Pay TV pirates that attempt to hack content protection systems powered by Cisco may quit out of frustration.
The tech powerhouse won a U.S. patent on Tuesday for an invention that thwarts hackers who try to crack conditional access systems that rely on smart cards installed in digital set-top boxes. Some subscription video pirates have built “card sharing solutions” that could allow non-subscribers to tap control words from an authorized smart card via the Internet.
Cisco says its invention, titled, “Content Consumption Frustration,” can delay the delivery of control words from a smart card. “Non-paying users may be inconvenienced due to the extra delay that propagation via the Internet introduces as a result of receiving the control word later than it is needed for decrypting the content arriving in the broadcast stream,” Cisco states in the patent.
The application was filed in July 2011, eight months before Cisco announced a $5 billion deal to acquire video software and content protection provider NDS Group. NDS veteran Hillel Solol, who now works on IoT security at Cisco’s Service Provider Video Software and Solutions (SPVSS) group, is named as inventor.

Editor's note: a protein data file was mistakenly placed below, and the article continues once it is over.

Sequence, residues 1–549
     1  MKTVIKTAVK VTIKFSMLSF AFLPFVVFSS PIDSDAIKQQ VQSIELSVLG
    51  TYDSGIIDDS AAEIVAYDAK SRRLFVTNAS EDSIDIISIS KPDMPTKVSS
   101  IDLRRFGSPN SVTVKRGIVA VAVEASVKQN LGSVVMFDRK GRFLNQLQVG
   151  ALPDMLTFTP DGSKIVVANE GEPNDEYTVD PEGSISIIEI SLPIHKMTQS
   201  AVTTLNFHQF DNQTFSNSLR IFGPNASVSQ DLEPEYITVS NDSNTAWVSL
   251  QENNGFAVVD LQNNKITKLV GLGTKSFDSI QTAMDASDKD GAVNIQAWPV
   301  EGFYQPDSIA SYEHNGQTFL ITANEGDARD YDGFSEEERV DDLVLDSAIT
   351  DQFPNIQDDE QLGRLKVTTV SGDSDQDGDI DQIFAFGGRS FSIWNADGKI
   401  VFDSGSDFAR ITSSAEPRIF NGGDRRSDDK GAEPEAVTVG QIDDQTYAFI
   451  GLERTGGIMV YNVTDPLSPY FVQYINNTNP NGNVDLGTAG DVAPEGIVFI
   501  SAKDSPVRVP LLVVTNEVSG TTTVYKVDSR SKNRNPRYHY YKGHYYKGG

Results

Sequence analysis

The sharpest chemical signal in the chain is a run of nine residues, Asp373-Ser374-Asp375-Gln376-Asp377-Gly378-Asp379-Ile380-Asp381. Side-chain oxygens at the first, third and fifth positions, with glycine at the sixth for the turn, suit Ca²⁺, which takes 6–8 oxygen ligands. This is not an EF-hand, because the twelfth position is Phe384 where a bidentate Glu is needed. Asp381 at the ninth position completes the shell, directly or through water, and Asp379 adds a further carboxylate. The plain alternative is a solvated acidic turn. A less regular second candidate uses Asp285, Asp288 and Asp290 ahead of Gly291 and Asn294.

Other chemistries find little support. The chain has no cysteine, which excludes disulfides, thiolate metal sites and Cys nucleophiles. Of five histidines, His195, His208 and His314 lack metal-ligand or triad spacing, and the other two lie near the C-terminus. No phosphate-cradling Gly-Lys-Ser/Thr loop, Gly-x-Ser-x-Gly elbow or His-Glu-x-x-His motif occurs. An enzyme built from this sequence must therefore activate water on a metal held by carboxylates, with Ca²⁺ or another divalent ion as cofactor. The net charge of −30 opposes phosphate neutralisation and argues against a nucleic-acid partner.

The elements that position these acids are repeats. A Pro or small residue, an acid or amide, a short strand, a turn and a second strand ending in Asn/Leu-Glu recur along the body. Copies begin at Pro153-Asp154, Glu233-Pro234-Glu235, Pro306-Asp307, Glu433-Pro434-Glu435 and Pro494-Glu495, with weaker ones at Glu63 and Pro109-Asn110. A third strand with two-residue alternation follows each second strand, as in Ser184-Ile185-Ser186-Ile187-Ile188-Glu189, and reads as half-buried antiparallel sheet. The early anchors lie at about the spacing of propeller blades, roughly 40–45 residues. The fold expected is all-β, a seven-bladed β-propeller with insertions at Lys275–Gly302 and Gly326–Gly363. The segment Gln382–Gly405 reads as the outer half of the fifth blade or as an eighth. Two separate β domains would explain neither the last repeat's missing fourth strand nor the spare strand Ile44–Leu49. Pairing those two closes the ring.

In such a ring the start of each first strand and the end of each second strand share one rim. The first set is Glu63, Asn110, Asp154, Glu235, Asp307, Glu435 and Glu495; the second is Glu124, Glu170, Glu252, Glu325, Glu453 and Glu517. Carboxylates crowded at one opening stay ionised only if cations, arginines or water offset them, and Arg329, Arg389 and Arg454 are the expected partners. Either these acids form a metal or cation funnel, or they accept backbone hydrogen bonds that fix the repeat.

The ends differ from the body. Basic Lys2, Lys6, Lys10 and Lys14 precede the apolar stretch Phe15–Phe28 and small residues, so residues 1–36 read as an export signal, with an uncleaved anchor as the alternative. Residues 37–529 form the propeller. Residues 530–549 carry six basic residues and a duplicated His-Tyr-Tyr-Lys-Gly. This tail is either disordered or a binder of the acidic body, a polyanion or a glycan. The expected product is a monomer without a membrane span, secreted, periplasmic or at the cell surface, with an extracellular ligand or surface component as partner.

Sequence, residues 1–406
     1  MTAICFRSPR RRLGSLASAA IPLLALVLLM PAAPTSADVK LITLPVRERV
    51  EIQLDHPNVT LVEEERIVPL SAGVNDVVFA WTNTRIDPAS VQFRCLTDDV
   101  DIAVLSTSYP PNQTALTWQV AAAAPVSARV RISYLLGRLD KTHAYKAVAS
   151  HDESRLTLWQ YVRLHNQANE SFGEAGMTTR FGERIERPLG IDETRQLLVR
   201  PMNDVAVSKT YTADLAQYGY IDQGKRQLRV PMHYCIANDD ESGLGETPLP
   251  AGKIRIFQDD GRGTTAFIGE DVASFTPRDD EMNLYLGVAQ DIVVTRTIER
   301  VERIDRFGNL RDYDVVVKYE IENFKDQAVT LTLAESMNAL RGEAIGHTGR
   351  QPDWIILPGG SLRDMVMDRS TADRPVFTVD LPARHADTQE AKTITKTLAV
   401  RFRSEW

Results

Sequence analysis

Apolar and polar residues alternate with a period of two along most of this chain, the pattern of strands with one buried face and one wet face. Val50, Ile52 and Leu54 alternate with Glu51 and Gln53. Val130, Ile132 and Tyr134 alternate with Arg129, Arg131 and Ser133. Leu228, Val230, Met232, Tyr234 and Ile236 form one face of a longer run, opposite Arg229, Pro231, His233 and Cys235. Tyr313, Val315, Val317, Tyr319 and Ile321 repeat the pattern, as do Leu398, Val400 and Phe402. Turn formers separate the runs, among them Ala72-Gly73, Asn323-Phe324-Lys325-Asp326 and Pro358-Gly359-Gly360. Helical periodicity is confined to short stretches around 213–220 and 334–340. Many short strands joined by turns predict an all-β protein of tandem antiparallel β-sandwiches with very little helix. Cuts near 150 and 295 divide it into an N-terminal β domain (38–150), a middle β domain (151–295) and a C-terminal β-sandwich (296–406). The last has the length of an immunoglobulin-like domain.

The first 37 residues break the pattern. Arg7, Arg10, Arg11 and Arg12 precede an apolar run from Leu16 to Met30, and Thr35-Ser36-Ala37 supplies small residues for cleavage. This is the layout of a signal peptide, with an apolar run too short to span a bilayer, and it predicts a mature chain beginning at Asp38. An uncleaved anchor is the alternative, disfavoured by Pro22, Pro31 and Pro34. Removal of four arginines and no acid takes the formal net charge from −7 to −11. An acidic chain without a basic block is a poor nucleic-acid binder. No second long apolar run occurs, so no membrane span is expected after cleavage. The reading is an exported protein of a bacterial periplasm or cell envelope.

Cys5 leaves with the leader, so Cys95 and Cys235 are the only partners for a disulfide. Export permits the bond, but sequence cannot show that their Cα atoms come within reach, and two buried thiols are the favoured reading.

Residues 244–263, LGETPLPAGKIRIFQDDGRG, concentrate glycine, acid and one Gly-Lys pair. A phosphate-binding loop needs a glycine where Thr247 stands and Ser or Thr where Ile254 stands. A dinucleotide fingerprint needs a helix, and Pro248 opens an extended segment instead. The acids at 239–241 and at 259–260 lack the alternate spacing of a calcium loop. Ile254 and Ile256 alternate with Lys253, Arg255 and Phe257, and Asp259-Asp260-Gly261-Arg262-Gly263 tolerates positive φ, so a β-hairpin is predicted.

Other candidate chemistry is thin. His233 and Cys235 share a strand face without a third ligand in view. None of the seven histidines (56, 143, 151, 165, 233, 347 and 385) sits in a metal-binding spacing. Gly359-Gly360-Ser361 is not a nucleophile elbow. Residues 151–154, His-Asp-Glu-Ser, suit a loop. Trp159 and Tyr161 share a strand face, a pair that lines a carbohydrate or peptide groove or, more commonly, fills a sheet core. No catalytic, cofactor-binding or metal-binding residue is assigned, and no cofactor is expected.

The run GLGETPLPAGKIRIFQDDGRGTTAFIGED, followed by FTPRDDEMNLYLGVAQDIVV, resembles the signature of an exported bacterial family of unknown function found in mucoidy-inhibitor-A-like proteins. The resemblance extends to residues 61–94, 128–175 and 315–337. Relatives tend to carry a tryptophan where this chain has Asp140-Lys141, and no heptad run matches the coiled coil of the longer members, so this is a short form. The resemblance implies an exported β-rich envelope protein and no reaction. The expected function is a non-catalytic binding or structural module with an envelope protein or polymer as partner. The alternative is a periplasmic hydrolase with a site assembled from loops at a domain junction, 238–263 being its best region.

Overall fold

“Content Consumption Frustration” is one of 19 U.S. patents that were assigned to Cisco this week, according to the U.S. Patent & Trademark Office.
Cisco video software inventions published this week include an interactive program guide menu display that relies on hypertext links. Several current and former Cisco executives are named as inventors on the patent, including Cisco Technical Director Arturo Rodriguez, Principal Engineer John Schlarb, Dean Jerding (now EVP at Logicbox / Predictix); Cisco and Clearleap veteran Bob Van Orden; and Bindu Crandall, who is now VP of marketing at Optima Healthcare Solutions.
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